It did matter to Wallace, since he was a postmodernist fictionist. Let me enlarge an earlier statement. Wallace is suggesting (this is my interpretation of his words): “Embrace popular culture, or be embraced by popular culture!” The first pose is that of a hipster; the second pose is that of the Deluded Consumer. It would be otiose to claim that Wallace was not a hipster, when we are (mis)treated by so many hipsterisms, such as: “So then why do I get the in-joke? Because I, the viewer, outside the glass with the rest of the Audience, am IN on the in-joke” (32). Or, in a paragraph in which he nods fraternally to the “campus hipsters” (76) who read him and read (past tense) Leyner: “We can resolve the problem [of being trapped in the televisual aura] by celebrating it. Transcend feelings of mass-defined angst [sic] by genuflecting to them. We can be reverently ironic” (Ibid.). Again, he appears to be implying: “Embrace popular culture, or be embraced by popular culture!” That is your false dilemma. If you want others to think that you are special (every hipster’s secret desire), watch television with a REVERENT IRONY. Wallace’s hipper-than-thou sanctimoniousness is smeared over every page.
Now let me turn to the Lynch essay, the strongest in the collection. There are several insightful remarks here, particularly Wallace’s observation that Lynch’s cinema has a “clear relation” (197) to Abstract Expressionism and the cinema of German Expressionism. There are some serious weaknesses and imprecisions, as well.
Wallace: “Except now for Richard Pryor, has there ever been even like ONE black person in a David Lynch movie? … I.e. why are Lynch’s movies all so white? … The likely answer is that Lynch’s movies are essentially apolitical” (189).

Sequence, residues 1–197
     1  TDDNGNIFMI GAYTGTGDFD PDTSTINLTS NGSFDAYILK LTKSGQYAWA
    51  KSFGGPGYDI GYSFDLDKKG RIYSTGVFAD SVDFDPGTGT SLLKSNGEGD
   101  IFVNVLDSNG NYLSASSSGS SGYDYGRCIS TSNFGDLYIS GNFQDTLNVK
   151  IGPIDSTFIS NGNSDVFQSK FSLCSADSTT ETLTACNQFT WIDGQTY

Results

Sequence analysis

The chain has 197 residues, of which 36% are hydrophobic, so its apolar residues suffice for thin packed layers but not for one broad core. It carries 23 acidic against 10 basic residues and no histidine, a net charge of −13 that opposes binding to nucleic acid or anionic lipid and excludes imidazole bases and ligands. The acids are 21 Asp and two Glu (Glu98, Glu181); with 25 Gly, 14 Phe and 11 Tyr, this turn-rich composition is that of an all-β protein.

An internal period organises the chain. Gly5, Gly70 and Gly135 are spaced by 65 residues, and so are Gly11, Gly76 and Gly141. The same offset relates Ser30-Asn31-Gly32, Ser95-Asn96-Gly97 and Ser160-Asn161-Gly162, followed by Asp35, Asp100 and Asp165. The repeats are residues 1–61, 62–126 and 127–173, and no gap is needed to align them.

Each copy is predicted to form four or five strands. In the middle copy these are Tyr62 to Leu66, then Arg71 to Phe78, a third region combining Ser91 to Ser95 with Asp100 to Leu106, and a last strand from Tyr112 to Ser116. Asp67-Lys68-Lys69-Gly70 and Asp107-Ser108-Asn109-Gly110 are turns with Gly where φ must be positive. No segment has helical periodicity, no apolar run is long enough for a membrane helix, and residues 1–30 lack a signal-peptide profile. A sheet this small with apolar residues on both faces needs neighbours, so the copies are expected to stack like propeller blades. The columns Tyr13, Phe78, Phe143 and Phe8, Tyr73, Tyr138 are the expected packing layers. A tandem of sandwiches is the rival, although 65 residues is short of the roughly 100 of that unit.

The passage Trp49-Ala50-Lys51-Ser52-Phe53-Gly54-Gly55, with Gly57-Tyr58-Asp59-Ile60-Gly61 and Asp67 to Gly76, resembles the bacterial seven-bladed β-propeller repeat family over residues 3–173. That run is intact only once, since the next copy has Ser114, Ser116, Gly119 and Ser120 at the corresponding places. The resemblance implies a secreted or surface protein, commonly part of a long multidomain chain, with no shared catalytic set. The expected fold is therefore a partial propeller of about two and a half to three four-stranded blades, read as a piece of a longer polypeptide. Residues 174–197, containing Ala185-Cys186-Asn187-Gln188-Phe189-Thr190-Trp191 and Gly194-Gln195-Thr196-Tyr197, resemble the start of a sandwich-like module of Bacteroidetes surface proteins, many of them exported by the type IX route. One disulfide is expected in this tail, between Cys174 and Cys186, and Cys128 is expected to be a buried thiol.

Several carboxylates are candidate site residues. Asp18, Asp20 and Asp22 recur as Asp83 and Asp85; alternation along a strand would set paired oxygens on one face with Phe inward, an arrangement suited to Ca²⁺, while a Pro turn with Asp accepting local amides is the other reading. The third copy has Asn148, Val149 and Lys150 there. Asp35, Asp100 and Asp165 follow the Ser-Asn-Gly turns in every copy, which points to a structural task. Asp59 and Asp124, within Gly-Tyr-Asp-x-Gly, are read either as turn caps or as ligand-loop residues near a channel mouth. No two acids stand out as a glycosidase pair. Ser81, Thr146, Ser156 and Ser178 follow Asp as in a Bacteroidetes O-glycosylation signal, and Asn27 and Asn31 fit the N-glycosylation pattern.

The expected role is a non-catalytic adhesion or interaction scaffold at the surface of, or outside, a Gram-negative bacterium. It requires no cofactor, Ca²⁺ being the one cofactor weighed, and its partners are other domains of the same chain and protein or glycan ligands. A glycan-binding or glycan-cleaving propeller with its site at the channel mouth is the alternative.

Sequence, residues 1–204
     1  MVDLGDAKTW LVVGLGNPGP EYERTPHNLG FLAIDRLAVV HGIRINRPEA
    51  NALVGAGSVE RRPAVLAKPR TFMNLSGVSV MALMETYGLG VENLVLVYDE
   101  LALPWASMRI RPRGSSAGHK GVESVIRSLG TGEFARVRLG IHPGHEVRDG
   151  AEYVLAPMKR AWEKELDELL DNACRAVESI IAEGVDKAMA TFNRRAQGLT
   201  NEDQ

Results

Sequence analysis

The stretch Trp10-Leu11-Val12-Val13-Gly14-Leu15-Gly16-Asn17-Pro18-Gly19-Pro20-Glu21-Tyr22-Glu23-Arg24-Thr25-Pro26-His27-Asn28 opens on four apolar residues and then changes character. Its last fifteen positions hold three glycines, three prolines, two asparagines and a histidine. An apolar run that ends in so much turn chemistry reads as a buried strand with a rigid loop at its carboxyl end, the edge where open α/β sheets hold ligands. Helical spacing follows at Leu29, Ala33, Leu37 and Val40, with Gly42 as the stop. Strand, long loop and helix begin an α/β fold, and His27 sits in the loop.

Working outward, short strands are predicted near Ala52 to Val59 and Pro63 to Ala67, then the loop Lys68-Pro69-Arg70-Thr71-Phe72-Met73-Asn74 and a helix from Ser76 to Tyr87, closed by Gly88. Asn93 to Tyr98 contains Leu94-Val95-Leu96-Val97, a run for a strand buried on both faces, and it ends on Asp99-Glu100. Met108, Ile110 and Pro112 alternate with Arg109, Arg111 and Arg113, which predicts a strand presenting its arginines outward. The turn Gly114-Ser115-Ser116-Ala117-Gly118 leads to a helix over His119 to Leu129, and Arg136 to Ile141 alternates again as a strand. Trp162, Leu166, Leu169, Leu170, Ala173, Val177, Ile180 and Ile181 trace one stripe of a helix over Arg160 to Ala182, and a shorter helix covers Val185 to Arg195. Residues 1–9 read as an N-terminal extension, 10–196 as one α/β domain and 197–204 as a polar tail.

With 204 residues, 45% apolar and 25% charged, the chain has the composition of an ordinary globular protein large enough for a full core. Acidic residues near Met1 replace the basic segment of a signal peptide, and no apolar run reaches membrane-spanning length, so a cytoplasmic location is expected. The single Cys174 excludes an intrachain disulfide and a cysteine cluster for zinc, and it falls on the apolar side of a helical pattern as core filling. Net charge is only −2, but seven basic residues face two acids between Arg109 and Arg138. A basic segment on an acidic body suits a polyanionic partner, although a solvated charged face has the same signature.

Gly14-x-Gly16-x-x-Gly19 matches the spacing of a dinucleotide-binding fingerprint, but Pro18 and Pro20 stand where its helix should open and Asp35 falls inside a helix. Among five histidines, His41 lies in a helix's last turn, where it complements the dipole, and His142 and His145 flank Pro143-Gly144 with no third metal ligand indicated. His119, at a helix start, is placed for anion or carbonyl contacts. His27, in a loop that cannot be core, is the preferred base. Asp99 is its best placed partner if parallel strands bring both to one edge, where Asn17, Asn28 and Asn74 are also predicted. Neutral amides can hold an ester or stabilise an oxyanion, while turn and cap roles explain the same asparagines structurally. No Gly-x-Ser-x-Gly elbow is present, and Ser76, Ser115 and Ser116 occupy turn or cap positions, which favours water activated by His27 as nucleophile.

To write that there are no black people in Lynch’s gentrified neighborhood is to display one’s ignorance. The truth is that at least one African-American appeared in the Lynchian universe before Lost Highway: Gregg Dandridge, who is very much an African-American, played Bobbie Ray Lemon in Wild at Heart (1990). Did Wallace never see this film? How could Wallace have forgotten the opening cataclysm, the cataclysmic opening of Wild at Heart? Who could forget Sailor Ripley slamming Bobbie Ray Lemon’s head against a staircase railing and then against a floor until his head bursts, splattering like a splitting pomegranate?
To say that Lynch’s films are apolitical is to display one’s innocence. No work of art is apolitical, because all art is political. How could Wallace have missed Lynch’s heartlandish downhomeness? How could he have failed to notice Lynch’s repulsed fascination with the muck and the slime, with the louche underworld that lies beneath the well-trimmed lawns that line Lynch’s suburban streets? And how could he have failed to draw a political conclusion, a political inference, from this repulsed fascination, from this fascinated repulsion?
Let me commend these essays to the undiscriminating reader, as unconvincing as they are. Everything collected here is nothing if not badly written, especially “Getting Away from Already Being Pretty Much Away from It All,” a hipsterish pamphlet about Midwestern state fairs that would not have existed were it not for David Byrne’s True Stories (1986), both the film and the book. It is my hope that David Foster Wallace will someday be remembered as the talented mathematician he perhaps was and not as the brilliant fictioneer he certainly was not.